Did The Lost Soviet Flyers
Vilhjalmur Stefansson, in his book, Unsolved Mysteries of the Arctic, explains how on August 12, 1937, a four-engine aircraft of passenger type left Moscow, bound for Fairbanks, Alaska via the North Pole with a crew of six seasoned flyers, were lost and never found even after a year of diligent search.
Most likely, the Lost Soviet Flyers flew into our hollow earth by accident.
Stefansson wrote in his book, that the Soviet Flyers encountered a stronger wind as they approached the pole than the forecasts had led them to believe. They reported that at 20,000 feet the wind was about 62 miles an hour and was cutting almost that many miles from their speed because it was nearly straight against them.
Stefansson reported that everything continued well for nearly two hours after they crossed the pole and that they were moving down upon Alaska on the Fairbanks meridian. Then came the only distress message, that they had been forced to descend from 20,000 feet where they had been flying in bright sun shine to the 13,000 foot level because one of the four motors had gone dead from an oil line damage. The last words heard were, "Do you hear me?" and "We are landing in..." Unintelligible messages were received over the next several days, but became gradually weaker until they finally died out.
Subsequent rescue missions were flown both from the Soviet side and the Canadian and Alaskan side of the Arctic over the next year looking for the downed Soviet Flyers but they were never found.
After reviewing all the downed Arctic fliers that had ever been known to come down in the Arctic, Stefansson concluded that the Soviet Flyers were the only ones that had ever been lost in the Arctic. The Americans alone flew about 40,000 miles in search of the Lost Soviet Flyers over a period of about one year covering the Arctic on the Canadian side of the pole down into Alaska. See a National Geographic map of those search flights here. Russian search flights flew up to the pole, but did not cross over. Most likely, had they retraced the exact path taken by the Lost Soviet Flyers, they, too, would have been lost and gone inside the earth through the north polar opening.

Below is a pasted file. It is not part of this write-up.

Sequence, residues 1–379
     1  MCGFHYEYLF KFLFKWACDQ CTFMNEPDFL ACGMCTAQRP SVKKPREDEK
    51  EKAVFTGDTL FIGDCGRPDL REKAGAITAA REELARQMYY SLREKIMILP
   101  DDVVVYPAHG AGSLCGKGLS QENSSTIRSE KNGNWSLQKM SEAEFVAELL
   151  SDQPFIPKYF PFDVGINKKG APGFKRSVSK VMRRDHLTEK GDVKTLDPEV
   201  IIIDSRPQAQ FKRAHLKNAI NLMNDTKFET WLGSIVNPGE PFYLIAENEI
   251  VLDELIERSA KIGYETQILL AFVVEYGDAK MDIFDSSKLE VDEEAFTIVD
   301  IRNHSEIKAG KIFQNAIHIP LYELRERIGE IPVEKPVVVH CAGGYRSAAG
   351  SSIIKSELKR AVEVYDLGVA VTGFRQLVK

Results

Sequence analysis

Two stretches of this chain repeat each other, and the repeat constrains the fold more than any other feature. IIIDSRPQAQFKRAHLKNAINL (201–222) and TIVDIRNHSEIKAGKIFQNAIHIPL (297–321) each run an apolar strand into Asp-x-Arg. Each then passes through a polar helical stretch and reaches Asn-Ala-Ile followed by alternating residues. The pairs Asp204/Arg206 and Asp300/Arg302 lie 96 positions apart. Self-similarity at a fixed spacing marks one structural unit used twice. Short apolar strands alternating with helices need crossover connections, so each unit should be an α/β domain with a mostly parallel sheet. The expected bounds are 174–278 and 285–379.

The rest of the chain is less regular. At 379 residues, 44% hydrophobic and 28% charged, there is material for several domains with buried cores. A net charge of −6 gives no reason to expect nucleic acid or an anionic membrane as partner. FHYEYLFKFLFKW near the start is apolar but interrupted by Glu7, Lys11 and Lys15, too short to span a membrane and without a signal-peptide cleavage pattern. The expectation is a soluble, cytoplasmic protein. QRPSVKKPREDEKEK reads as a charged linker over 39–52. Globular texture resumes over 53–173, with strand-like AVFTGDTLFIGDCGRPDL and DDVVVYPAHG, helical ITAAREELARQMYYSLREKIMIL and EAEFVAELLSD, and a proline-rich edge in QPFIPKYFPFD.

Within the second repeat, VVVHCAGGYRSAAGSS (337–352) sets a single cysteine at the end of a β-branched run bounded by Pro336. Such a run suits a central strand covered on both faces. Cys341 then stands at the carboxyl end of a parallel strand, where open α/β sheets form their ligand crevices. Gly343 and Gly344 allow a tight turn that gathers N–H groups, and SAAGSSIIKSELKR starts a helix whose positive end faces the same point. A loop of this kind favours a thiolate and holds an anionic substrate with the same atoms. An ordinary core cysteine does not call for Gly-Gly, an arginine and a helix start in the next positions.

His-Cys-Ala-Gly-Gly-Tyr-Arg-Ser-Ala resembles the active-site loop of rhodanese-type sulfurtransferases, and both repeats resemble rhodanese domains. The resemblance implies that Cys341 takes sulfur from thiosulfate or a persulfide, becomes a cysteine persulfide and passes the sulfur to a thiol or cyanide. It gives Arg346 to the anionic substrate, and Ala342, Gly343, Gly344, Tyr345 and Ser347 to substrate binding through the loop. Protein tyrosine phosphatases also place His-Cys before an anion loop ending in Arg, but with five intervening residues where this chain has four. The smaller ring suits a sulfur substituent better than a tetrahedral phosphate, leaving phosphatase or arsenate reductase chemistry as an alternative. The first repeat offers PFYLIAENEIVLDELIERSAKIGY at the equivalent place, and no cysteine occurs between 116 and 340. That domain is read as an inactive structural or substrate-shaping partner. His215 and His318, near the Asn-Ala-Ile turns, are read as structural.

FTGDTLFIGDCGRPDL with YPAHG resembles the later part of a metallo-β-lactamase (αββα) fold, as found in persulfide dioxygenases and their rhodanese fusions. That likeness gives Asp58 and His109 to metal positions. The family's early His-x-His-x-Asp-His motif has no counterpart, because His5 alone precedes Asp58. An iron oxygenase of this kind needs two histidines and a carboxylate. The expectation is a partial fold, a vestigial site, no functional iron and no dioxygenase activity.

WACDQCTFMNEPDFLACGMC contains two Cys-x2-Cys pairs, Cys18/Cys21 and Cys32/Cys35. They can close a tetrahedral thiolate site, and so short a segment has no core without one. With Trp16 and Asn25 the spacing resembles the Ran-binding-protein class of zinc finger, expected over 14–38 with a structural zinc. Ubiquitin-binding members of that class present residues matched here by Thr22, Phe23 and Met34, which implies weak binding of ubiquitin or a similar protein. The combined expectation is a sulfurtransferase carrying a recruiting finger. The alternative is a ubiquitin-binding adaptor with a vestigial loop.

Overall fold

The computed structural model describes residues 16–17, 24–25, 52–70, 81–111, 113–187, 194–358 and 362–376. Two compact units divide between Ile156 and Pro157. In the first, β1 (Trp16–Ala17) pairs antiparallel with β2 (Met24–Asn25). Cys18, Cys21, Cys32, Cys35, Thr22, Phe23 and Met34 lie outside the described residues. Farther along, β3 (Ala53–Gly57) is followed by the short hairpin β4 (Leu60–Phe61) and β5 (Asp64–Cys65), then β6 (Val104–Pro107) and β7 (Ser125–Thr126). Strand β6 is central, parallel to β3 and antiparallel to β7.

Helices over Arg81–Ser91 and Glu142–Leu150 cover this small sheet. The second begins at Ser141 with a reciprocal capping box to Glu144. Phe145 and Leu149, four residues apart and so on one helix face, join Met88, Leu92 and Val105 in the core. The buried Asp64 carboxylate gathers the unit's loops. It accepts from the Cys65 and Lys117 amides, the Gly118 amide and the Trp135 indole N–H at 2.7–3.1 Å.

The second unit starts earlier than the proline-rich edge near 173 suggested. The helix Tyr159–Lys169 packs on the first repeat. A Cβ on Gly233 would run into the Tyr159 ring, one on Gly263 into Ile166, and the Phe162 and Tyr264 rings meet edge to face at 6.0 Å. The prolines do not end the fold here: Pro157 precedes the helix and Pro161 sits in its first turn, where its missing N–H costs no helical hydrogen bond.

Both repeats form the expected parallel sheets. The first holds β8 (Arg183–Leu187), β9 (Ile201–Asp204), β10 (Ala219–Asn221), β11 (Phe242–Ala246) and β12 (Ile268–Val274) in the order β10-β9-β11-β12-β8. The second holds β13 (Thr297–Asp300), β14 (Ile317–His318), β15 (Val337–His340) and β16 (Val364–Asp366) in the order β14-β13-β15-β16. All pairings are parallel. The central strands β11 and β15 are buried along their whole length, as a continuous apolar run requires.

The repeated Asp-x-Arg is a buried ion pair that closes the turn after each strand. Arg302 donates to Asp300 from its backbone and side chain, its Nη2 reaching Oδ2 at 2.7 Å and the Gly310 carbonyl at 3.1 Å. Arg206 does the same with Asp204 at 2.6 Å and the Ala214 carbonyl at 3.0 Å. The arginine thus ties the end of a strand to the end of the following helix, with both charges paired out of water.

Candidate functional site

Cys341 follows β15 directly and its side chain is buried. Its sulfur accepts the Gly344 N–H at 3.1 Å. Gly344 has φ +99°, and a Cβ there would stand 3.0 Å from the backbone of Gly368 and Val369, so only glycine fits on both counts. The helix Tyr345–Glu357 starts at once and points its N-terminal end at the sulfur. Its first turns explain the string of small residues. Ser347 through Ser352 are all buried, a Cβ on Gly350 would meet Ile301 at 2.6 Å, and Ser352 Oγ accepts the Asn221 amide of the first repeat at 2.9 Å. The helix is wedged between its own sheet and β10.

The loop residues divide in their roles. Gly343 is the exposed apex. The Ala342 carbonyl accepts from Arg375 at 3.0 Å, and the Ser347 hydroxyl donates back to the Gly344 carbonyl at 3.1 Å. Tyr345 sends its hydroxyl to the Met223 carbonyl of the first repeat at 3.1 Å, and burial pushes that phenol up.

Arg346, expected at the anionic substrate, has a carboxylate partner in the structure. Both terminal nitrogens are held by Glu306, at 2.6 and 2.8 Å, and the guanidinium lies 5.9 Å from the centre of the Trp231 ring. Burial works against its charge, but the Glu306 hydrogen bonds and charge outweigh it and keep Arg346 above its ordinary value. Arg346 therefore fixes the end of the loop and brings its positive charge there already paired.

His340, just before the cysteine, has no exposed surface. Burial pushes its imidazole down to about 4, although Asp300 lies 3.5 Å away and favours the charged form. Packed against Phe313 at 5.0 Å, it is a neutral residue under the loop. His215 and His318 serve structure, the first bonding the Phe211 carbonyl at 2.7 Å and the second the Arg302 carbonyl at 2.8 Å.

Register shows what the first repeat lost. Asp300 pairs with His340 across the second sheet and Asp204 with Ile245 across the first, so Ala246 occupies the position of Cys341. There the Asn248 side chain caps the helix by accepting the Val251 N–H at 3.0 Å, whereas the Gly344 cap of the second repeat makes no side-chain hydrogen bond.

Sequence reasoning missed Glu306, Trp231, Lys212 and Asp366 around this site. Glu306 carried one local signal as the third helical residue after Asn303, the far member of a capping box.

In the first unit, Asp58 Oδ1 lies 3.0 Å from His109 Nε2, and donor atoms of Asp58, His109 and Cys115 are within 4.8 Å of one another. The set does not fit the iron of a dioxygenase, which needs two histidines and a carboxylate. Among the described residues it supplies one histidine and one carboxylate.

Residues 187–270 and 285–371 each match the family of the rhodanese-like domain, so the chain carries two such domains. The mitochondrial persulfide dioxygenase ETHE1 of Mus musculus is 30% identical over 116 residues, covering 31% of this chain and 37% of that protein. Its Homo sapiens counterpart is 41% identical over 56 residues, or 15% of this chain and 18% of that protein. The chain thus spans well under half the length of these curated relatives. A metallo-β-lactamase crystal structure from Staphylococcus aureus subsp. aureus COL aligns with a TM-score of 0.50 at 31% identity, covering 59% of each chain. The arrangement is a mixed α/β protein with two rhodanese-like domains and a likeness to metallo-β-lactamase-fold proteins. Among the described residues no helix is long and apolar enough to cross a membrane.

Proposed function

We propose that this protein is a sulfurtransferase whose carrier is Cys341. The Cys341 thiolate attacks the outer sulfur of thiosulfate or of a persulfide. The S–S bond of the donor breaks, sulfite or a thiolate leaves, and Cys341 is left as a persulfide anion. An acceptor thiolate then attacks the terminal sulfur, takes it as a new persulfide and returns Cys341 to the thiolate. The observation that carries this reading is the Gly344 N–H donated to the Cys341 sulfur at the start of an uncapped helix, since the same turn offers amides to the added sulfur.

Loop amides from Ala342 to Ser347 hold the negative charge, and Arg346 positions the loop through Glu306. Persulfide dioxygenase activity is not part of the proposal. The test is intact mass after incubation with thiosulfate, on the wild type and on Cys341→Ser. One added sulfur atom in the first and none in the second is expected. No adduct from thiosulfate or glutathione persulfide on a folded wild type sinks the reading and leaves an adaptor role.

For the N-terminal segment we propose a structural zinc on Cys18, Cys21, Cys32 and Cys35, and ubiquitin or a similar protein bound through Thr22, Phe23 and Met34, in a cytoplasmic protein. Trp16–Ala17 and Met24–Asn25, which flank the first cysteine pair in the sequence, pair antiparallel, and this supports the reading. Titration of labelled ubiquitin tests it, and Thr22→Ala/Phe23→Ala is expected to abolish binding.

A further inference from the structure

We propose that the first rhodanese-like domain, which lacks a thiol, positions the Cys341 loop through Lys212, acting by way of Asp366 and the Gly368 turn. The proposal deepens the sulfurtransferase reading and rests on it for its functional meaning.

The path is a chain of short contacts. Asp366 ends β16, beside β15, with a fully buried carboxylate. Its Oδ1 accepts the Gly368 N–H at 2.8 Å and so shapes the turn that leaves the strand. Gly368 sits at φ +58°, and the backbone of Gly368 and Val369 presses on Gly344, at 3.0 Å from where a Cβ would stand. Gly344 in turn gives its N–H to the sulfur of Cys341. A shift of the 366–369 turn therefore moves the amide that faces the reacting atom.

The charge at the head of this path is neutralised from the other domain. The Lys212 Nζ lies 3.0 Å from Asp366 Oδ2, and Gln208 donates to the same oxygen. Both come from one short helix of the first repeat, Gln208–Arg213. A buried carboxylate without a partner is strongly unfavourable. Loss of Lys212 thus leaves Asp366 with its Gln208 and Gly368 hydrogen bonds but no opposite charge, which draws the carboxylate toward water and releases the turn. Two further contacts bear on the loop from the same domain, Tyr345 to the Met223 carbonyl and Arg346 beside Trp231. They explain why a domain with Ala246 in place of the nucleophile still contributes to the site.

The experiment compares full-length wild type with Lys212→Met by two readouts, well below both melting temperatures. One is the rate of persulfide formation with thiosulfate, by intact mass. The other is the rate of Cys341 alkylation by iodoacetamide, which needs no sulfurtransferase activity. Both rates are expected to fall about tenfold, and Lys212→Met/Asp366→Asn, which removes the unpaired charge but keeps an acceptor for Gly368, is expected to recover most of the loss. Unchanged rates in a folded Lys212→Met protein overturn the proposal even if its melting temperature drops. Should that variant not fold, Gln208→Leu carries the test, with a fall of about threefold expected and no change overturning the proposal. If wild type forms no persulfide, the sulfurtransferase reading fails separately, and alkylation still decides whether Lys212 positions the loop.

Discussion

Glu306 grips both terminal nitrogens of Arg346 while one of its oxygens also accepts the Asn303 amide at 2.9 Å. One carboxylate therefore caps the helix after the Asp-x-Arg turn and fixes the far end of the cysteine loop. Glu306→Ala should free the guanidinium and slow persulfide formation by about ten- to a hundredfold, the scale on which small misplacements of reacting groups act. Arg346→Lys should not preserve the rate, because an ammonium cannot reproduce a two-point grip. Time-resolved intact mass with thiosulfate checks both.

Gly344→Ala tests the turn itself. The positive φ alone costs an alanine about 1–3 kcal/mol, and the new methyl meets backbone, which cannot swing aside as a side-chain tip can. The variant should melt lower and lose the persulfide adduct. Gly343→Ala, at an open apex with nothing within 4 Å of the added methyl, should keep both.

As reported by
Retired Colonel Billie Faye Woodard, the North Polar Opening is
located at 87.7 N Lat, 142.2 E Lon.
Therefore, as the Lost Soviet Flyers flew up from the Kara Sea towards
the North Geographic Pole, they would have reached a point on the lip of
the polar opening where their sextant reading of having reached the pole
would have deceived them into believing they had actually arrived there
sooner than they expected. This may be why they reported a
stronger head wind than their weather
forecasters had predicted thinking it was slowing them down, when in reality
what happened was that they arrived sooner to their sextant determined pole than
they had expected and attributed it to a strong head wind. Then at
their sextant determined pole, which really was not the geographic pole at all,
but a point on the curvature of the polar opening that gave the same sextant
reading showing the sun to be the correct distance above the horizon as if they
had reached the north pole, they then
made a turn to the right towards Alaska on what they thought was the Fairbanks
meridian, but which instead took them
directly through the neck of the polar opening and into our hollow earth.
See a map of their trajectory into the polar opening
here. After about two hours they would have reached the inner continent and so decided
to descend to see what they had found. From that point on, their radio
signals were received in gradually weaker form as they descended further into
the interior of the earth.